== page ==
“To my knowledge, none of the climbers I was with were formally trained in the way of wilderness medicine and with only a medical kit and no radio communication, I felt very out there. I knew that if anything went wrong or if someone needed help, we couldn’t do much of anything.”Read More
Editor’s Note: This case study is based on a real-life incident from the early 1980’s.
You and three friends are on an early winter ski trip. To shorten the route, the group decides to cut across a lake, despite previously agreeing to avoid the lakes due to thin ice.Read More
During the first multiple casualty scenario of my WEMT course, my team responded to a simulated flash flood incident. When we arrived at the scene, we found 6 mock patients in a river in varying levels of distress. One was complaining of leg pain. We rolled up her pant leg to see blood and bone ends exposed (the makeup was pretty convincing!). The team immediately got started using the training we had been learning and practicing.Read More
On a recent camping trip, I saw a group of young boys using sticks as swords, throwing rocks, and flinging algae from the tiny creek that ran adjacent to the campground—not ideal Leave No Trace behavior. I went over to their trip leaders and introduced myself as a naturalist and expressed my discomfort with what the boys were doing. I wasn't sure how the leaders would react—would they ignore me, a black woman, and let “boys be boys”? Instead, one of the leaders called the boys over and told them to have a seat because they were about to learn a lesson on stewardship.Read More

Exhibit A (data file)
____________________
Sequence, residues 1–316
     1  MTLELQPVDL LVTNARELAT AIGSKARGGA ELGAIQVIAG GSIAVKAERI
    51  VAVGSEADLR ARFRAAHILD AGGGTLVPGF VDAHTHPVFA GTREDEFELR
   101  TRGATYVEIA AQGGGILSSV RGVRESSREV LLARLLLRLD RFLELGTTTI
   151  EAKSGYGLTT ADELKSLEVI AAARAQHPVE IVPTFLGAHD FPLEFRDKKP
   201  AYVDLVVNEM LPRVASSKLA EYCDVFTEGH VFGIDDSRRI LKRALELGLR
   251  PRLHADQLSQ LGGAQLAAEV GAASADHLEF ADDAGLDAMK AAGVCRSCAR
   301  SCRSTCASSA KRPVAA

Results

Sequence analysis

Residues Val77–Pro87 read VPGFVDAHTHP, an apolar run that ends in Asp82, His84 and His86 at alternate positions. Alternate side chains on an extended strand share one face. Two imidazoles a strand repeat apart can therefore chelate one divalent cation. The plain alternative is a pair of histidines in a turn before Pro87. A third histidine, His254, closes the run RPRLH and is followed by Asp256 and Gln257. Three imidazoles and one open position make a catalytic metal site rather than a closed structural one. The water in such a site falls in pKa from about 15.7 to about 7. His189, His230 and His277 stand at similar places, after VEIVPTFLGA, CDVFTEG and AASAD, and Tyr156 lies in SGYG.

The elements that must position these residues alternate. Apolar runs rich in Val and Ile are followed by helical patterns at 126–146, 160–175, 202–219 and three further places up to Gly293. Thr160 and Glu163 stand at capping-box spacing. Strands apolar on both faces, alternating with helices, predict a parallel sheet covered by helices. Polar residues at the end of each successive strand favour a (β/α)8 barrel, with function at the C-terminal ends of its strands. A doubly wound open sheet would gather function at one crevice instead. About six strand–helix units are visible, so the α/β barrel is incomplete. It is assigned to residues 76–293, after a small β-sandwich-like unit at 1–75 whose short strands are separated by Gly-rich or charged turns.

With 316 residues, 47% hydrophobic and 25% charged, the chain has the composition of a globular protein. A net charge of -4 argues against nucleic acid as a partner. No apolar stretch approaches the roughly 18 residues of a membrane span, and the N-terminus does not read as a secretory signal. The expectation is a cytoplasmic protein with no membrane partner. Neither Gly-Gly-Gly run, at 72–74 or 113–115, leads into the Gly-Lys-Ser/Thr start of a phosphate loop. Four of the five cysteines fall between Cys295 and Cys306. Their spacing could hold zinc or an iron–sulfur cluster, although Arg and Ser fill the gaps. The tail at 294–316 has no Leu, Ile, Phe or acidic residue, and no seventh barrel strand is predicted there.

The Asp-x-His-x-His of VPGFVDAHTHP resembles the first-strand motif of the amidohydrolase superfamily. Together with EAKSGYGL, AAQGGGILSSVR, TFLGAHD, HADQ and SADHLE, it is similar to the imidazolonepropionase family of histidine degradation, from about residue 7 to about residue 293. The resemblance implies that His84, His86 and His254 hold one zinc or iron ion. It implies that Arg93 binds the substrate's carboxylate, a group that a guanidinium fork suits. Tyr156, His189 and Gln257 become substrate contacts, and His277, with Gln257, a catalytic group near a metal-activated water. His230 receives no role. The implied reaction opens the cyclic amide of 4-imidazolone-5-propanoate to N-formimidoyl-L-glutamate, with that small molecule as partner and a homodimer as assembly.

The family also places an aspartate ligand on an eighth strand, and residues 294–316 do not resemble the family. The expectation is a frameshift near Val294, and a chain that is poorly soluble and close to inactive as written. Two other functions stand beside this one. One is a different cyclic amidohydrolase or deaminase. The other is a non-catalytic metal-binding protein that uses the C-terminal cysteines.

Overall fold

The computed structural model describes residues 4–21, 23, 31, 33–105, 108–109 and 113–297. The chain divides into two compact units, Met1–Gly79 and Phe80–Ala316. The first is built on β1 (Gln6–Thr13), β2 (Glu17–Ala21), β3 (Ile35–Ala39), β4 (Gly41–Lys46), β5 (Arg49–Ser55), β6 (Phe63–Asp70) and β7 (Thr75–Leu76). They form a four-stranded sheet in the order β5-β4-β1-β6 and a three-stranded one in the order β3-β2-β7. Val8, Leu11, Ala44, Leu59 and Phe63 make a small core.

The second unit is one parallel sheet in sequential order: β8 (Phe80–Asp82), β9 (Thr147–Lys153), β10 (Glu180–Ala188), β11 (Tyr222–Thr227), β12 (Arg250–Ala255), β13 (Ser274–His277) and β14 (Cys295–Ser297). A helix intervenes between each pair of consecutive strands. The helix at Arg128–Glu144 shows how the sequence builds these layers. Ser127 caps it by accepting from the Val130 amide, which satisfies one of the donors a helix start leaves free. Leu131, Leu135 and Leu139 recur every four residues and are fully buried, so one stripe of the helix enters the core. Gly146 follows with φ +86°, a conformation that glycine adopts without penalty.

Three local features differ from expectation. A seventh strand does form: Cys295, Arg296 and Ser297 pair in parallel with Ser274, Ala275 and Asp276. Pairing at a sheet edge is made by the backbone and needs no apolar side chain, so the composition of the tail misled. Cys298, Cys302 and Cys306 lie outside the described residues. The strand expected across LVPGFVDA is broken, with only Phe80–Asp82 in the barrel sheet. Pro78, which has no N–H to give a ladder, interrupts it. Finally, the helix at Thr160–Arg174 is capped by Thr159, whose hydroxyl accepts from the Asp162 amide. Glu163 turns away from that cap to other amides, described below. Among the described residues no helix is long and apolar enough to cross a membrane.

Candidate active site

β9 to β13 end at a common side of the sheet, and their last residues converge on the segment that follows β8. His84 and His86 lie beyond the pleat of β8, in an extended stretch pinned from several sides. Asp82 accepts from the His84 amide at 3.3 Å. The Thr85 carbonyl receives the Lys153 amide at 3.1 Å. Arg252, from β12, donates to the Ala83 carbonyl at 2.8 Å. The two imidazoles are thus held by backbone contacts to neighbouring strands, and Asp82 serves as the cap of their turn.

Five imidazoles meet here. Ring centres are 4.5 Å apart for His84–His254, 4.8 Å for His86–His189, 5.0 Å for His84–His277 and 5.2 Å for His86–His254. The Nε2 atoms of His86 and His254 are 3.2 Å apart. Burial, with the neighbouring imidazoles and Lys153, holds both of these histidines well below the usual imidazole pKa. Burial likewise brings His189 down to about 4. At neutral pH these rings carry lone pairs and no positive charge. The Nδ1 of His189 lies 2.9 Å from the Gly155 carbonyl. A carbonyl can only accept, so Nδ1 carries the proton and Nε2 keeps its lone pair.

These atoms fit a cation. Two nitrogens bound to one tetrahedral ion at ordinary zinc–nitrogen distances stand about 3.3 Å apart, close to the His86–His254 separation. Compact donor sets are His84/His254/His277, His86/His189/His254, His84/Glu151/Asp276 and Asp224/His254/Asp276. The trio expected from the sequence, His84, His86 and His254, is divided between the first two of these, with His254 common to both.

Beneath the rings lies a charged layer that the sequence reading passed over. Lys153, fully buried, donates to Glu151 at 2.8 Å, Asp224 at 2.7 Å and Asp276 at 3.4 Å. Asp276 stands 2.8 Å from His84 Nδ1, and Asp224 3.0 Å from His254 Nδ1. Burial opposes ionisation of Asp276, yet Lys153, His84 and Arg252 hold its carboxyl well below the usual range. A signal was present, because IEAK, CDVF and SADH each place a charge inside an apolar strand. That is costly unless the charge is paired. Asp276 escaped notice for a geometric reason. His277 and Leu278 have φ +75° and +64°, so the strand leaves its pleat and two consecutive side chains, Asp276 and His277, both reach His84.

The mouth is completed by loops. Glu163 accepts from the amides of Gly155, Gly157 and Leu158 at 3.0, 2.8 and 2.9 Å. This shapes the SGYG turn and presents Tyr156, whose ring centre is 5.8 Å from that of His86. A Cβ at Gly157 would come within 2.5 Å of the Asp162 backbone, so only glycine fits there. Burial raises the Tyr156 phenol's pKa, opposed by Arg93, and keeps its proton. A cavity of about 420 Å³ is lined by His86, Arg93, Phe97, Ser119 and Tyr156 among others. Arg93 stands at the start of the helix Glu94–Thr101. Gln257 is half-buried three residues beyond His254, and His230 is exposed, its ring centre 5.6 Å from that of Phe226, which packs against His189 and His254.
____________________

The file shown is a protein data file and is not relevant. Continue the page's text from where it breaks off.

You’re thinking about starting a new career. Your dream job might be working in the outdoors. Or fighting fires. Or in a hospital. Or maybe you want to instruct NOLS courses.
If you're looking to get into one of these fields, getting a wilderness medicine certification can help you get started.Read More
If you have children, you know the highs and lows of family trips in the outdoors.
Your 2-year-old, who is fascinated by the camp stove, manages to burn her finger on the off-but-still-hot Whisperlite. Your teenager complains loudly, and frequently, about discomfort in his knees on a family hike. At camp, your 7-year-old vomits but can’t describe her symptoms beyond “not feeling good.”Read More
We found ourselves in our boat pulling away from the only dry land we could see. It looked as though a normal city neighborhood, with older homes lined up in rows covered by large shade trees, had been built in the middle of a shallow lake.Read More
Telling your friends about the peak you climbed or the rapid you ran are the things you want to bring home from the backcountry—not a foodborne illness.
Taking turns cooking is a part of camping, and it helps when everyone has the same routines for kitchen hygiene, especially for friends who are new to cooking in the outdoors.Read More
Be honest—when was the last time you looked inside your first aid kit? Was it just last week, or was it long enough ago that you couldn’t confirm whether a family of packrats had made a home in it or not?Read More